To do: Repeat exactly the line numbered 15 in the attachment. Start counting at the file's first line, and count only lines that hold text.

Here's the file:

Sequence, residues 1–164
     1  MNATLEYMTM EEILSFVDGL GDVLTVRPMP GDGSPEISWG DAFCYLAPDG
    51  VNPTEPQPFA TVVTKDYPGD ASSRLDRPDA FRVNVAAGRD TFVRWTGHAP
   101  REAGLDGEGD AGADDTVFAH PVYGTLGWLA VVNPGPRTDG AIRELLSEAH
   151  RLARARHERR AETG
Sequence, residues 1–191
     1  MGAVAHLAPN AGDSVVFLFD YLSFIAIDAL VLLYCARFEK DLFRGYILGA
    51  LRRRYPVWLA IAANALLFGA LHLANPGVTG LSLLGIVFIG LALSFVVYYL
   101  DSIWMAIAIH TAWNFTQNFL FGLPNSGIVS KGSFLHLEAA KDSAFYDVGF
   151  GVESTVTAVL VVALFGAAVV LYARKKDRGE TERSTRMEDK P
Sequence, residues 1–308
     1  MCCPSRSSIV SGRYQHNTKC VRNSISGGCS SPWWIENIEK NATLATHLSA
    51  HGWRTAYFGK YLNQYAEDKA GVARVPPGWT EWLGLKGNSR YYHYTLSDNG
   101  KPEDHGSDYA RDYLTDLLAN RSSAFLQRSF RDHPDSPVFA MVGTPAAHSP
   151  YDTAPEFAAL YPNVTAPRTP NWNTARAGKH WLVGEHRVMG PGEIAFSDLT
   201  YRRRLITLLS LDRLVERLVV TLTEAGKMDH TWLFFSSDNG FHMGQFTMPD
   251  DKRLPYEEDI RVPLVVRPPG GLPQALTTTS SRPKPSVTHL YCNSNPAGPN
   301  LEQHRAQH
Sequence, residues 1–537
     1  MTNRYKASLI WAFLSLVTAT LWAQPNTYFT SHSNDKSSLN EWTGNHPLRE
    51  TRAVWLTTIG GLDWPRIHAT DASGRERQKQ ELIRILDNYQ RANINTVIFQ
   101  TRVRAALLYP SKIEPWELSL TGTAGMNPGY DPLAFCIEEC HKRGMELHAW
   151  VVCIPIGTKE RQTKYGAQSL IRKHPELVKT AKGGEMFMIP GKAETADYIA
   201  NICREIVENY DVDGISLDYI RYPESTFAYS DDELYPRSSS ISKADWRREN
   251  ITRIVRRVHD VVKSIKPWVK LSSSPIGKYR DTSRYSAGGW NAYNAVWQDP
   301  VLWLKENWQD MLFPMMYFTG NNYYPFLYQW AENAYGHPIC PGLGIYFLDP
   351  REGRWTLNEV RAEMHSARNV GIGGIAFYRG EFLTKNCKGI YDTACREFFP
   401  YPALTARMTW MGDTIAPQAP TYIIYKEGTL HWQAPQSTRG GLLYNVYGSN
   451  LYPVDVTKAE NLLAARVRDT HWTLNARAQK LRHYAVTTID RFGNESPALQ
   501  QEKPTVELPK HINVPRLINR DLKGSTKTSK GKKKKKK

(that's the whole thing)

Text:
   151  YDTAPEFAAL YPNVTAPRTP NWNTARAGKH WLVGEHRVMG PGEIAFSDLT